Recently ‘the Church’ has been criticised for not speaking out on the Federal legislation aimed to help problem gamblers cope with poker machines. It’s strange how ‘the Church’ is not to speak into the public forum unless it’s going to say what its critics want to hear.
While all churches are concerned for the welfare of society and, in particular, the vulnerable problem gamblers and their families, there is no agreement concerning gambling itself. Life is complex and the best way of minimizing harm is very difficult. Churches and denominations are not perfect in their desire to help society any more than clubs and hotels are only evil. Some denominations believe in, and are funded by, the proceeds of gambling. Some are generally opposed to gambling though they see the odd raffle as harmless. Others are opposed to any and every form of gambling.
The Bible does not discuss gambling per se, but the tenth commandment on covetousness makes gambling impossible for those who would follow God’s law. The problem with gambling is not taking risks (life always involves risk taking), but the unloving action of desiring other peoples’ wealth and seeking to ‘win’ it from them. Some activities, like being adventurous in business or making a profit from our labour, may or may not involve covetousness – but gambling always does, as covetousness is the raison d’être of the activity. My lack of love or my desire to gain other peoples’ wealth is not excused by their similar consent to enter a game of loveless greed. That the game is played impersonally through machines or by large institutions such as lotteries, again makes no difference to my sinful desire for other peoples’ wealth.
Denominations and churches that actively accept gambling are in a difficult position in opposing gambling in clubs and hotels. They can share in the condemnation of not caring for problem gamblers but critical questions will be asked about their contribution to problem gamblers.
Because Bible based churches oppose all forms of gambling, we are not given much air-time in the media, for our opinion on controlling problem gambling would be simply to abandon gambling completely – something our society refuses to contemplate.
However, opposing gambling absolutely, does not mean that prohibition is the only option. It is only sensible to attend to symptoms even if we are unable to address the disease that causes them.
The symptoms of the disease have been very well documented over the last decade. There are a large number of people who are addicted to gambling, in particular to the poker machines which are designed to captivate the unwary. The results for these people and their families are devastating and the recovery programmes cannot keep pace with, or solve the problems. Evidence is now being advanced to show that loan sharking has been used to enslave some of these unfortunate addicts to a life of crime especially associated with the illicit drug industry.
Any mechanism that will help protect the problem gambler has to be welcomed by those who wish to minimize the damage that is being done to individuals and society. Whether the particular mechanism that is being proposed will help has yet to be seen, but the vigour with which the clubs and hotels are opposing it suggests that it will be effective. That it comes by way of a political compromise and exercise in power grabbing does not nullify the possible effectiveness or benefit of the measure. It is just a shame that the government has to be held to ransom, before it will do something for the good of our society.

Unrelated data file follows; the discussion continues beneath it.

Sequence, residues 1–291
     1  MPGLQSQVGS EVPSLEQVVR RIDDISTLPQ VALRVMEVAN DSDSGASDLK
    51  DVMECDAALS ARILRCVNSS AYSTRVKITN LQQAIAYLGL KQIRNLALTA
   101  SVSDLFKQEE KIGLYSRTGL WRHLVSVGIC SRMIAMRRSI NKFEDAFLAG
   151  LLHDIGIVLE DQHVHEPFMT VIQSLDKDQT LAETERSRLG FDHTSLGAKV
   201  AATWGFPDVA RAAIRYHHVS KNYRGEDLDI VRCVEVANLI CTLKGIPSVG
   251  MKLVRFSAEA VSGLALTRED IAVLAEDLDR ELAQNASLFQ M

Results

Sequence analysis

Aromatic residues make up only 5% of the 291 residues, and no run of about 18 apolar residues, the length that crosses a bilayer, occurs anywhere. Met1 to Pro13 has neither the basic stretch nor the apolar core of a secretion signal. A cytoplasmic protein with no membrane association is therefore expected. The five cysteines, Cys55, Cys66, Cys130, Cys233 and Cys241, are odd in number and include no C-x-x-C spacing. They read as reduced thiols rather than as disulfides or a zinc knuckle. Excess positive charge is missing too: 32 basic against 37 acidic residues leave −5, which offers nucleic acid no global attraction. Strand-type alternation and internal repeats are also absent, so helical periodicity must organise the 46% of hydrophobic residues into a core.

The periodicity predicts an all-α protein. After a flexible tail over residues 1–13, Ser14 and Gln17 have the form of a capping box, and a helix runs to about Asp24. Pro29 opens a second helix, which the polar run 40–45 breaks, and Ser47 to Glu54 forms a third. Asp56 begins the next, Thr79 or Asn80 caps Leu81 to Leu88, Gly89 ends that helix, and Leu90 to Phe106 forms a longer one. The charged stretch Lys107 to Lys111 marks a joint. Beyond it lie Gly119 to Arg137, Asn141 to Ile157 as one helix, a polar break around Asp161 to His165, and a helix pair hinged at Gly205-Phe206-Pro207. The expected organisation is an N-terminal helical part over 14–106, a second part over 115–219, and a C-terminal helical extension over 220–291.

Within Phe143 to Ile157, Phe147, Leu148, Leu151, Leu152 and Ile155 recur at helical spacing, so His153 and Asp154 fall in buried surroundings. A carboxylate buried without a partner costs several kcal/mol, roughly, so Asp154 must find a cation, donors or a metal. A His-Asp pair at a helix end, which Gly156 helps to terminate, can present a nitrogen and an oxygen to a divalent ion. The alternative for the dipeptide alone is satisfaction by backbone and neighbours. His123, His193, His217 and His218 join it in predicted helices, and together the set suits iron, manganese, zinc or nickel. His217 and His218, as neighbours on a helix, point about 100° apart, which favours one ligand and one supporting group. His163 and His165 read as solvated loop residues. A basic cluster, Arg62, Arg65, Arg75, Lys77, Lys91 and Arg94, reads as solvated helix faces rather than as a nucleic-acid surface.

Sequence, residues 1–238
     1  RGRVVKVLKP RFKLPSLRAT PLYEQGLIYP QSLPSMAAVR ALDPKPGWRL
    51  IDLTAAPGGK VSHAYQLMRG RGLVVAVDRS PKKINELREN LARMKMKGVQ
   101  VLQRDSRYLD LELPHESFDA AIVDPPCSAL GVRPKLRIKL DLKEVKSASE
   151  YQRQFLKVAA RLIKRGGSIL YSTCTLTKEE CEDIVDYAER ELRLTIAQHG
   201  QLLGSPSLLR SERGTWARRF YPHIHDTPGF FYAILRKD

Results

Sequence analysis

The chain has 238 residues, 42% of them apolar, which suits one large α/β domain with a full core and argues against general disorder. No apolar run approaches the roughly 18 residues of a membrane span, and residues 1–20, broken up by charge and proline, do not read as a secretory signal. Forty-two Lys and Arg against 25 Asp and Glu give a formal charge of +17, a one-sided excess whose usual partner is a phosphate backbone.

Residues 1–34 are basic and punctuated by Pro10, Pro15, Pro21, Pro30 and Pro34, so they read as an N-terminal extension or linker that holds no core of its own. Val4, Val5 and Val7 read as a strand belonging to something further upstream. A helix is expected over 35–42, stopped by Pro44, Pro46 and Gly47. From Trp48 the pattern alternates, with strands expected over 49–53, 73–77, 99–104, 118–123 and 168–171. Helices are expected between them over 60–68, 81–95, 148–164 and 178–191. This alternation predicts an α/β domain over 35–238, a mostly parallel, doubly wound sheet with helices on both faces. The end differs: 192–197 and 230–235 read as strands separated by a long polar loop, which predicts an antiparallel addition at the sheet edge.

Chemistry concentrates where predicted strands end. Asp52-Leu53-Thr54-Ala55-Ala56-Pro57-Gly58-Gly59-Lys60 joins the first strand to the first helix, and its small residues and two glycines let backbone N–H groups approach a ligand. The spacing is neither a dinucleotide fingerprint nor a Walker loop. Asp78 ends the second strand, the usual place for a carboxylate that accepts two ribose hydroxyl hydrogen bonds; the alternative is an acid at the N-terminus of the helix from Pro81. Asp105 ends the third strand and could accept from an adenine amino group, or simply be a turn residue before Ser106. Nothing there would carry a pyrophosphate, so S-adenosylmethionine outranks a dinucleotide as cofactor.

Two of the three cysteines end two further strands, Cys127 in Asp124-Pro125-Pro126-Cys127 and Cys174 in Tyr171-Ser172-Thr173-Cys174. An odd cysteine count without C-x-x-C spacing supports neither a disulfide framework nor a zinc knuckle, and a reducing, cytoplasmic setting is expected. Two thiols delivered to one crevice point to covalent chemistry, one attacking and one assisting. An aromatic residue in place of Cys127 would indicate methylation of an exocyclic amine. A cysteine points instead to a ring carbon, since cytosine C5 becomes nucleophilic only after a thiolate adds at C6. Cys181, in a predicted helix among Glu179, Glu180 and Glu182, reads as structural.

Addicts by nature are in denial. They will assure anybody who asks, that they haven’t got the problem and if they have then it is harmless; they could give up if they wanted to, and anyway it helps them deal with other aspects of their life. They certainly don’t want anybody to help them, especially in any programme that will inconvenience their present independence, life style or addictive behaviour.
This description of addictive behaviour fits not only the individual addict but also the clubs and society at large. For the professional sporting bodies, hotels, clubs and governments have all become addicted to poker machines and gambling proceeds. Their denials and arguments are the same as any addict. Their blindness to moral argument is breath-taking. The argument about all the good they do to society with the money taken from poor addicts is pathetic. If these things were so good we should raise taxes fairly to provide them, rather than stealing the money from the weak, the poor and the vulnerable. The amount of money they spend in community welfare is dwarfed by the amounts they take from the unfortunate – and line their own pockets with – to say nothing of the good public relations that this ‘community welfare’ buys them.
Forcing addicts, like the government and clubs as well as the gamblers, to act differently will not solve their addiction, but can reduce some of the pain and suffering their addiction causes to themselves and others. The legislation under discussion will not solve the problem, because it is only addressing one symptom of a deep seated disease.
The problem is not ‘problem gamblers’ or poker machines. The problem is not even gambling. The problem is covetousness and that cannot be solved by legislation.
Covetousness is the idolatry of materialism. A society that turns its back on eternal truth, and seeks to live by secularism or atheism, will not address the idolatry of materialism. People may decry greed and the empty shallowness of materialism, but economic materialism is just the fruit of philosophical materialism. Without God there is no reason to live for anything other than possessions and pleasure. So only by the exercise of crass political power will the society concede to such a small and uncertain step in harm-minimization. It’s a bandaid on a cancer but better a bandaid than an open sore.